3 year old twin girls with no apparent symptoms.Delivered by C-section at 32 weeks. RSV shots given for two years. Very active twins with no illness. Lab was requested due to premature tooth loss in both girls. Recent CBC showed abnormal high levels of oxygen in red blood cells. Additional lab was completed to double check. These results have not been completed. What could be causing the twins to have same conditions to oxygen levels and what are the long term effects, if any, that can result from this? Can the high levels of oxygen in the blood be treated back to a normal level? Can the lungs be causing this to occur? Can this condition cause any other problems.
Hemoglobin is the part of the red blood cell that catches and holds oxygen as it passes through the lungs, and later trades that oxygen for carbon dioxide at the cells and carries that to the lungs for expulsion. The primary agent for this is iron, also called erythropoieten. Excess erythropoieten may be removed from the blood by a process called chelation, or it may be done in a blood bank where units of red blood cells blood are removed, leaving the rest of the blood in tact. Not a dangerous proceedure, but I have never heard of this being done on children under 10yrs. Conditions that cause this may include heart disease, pulmonary fibrosis (both bad things), or it may be hereitary in nature and have no cause. Left untreated excess erythropoieten can be life threatening. Hope this helps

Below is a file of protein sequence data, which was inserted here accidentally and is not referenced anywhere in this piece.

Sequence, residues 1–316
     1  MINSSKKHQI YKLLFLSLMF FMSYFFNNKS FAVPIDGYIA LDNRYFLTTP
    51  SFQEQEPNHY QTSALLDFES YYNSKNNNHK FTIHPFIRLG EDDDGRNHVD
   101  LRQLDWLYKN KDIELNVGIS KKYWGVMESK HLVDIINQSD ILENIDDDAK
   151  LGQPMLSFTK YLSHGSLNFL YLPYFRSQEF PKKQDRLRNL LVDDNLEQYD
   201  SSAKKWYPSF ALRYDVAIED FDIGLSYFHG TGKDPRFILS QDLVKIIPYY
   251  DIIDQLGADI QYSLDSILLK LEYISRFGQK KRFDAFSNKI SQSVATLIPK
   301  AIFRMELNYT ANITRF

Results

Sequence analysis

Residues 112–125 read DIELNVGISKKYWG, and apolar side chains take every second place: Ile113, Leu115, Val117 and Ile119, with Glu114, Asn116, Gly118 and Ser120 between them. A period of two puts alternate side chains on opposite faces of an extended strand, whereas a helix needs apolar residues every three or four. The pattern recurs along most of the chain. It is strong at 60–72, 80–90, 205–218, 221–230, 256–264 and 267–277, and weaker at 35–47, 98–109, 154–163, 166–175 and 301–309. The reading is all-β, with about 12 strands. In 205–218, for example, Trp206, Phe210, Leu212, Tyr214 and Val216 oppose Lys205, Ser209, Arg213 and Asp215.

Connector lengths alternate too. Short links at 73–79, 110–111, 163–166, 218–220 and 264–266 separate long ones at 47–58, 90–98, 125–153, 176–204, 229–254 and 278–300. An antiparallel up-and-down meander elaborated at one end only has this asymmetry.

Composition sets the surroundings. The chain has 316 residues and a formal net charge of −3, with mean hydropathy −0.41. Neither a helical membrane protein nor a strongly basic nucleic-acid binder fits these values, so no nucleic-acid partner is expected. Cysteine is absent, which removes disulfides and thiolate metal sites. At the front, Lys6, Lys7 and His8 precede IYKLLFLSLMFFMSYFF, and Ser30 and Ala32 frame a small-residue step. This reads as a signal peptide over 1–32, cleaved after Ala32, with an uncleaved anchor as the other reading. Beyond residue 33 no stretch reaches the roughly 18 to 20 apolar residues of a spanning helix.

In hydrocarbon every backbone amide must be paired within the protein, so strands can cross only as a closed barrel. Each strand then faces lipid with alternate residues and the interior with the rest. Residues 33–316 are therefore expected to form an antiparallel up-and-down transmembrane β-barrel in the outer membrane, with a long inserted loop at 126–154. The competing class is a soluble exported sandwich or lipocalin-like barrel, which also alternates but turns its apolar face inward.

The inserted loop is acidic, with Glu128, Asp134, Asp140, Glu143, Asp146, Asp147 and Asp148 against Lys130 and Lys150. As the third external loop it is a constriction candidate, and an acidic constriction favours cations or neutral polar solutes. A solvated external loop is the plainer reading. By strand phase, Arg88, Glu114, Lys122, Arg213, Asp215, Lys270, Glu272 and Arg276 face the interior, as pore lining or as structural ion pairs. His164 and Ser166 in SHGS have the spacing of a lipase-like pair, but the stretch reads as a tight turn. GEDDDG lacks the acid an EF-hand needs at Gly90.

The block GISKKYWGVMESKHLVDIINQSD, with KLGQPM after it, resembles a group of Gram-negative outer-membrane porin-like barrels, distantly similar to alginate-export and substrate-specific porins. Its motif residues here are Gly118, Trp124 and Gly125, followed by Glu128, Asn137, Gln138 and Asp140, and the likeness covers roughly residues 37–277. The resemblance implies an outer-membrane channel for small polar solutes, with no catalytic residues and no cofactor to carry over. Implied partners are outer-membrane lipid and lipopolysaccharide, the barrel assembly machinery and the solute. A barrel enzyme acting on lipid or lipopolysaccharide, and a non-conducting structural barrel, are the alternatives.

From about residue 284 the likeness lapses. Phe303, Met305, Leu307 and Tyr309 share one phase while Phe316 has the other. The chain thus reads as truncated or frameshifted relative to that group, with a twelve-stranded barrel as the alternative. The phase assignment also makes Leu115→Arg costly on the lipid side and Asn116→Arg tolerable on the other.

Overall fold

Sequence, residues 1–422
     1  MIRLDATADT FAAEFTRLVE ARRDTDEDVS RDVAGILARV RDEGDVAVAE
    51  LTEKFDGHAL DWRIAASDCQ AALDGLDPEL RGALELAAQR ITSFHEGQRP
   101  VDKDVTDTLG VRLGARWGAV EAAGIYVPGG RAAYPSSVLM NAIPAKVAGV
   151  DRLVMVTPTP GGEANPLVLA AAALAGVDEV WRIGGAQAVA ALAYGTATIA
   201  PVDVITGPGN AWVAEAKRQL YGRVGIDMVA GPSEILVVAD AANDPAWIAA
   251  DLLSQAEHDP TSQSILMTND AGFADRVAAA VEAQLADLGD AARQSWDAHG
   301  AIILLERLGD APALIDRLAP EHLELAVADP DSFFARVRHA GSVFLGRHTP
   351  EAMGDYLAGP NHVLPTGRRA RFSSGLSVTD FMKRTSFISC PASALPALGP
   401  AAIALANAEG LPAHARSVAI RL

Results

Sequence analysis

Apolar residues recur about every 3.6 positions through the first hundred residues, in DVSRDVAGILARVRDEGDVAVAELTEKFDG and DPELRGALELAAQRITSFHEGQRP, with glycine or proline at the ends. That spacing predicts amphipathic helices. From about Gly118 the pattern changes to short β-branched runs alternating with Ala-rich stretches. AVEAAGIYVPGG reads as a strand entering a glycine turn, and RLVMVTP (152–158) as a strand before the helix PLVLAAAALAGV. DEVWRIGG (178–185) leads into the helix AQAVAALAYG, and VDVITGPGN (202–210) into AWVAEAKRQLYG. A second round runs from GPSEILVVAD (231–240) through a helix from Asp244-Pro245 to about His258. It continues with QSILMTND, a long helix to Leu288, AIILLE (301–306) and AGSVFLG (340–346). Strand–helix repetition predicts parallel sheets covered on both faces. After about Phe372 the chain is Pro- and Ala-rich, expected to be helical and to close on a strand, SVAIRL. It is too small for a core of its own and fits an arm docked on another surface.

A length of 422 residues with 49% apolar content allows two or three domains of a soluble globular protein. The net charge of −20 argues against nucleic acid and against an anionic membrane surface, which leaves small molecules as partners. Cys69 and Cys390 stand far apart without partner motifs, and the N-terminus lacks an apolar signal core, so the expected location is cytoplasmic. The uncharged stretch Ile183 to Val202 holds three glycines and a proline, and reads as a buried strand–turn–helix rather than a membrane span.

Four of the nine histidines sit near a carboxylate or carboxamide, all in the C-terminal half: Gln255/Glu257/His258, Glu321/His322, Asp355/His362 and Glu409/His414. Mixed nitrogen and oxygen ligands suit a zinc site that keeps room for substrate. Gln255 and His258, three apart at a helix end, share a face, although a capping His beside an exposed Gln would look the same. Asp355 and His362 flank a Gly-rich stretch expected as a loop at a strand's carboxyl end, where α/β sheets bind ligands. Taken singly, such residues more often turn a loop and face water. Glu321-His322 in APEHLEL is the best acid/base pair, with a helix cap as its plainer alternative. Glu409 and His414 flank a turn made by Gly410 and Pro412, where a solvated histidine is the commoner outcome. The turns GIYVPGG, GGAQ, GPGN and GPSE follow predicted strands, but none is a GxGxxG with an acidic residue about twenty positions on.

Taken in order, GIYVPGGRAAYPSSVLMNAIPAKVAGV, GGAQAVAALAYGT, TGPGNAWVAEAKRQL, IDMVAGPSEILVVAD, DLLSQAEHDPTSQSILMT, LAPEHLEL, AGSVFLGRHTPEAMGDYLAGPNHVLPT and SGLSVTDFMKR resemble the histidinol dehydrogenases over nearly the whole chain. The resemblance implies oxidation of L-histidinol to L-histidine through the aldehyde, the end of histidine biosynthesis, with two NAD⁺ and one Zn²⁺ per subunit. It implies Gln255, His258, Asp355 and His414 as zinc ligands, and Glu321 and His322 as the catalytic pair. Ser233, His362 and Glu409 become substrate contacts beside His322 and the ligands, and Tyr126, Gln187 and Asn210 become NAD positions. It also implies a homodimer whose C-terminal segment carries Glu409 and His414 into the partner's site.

erythropoetin and iron are not the same thing. Erythropoetin is a hormone released from the kidney that encourages your body to make more red blood cells (which carry oxygen). Iron is iron, a mineral, and does make up hemoglobin which binds the oxygen.
hello im 16 going on 17 and i have been diagnosed for high oxygen levels and i asked the doctor if its a bad or a good thing she said " im not sure i really dont know" , but she told me to go to the hospital for a cbc and indices .?. and i just want to know if having a high oxygen level at my age is normal ?
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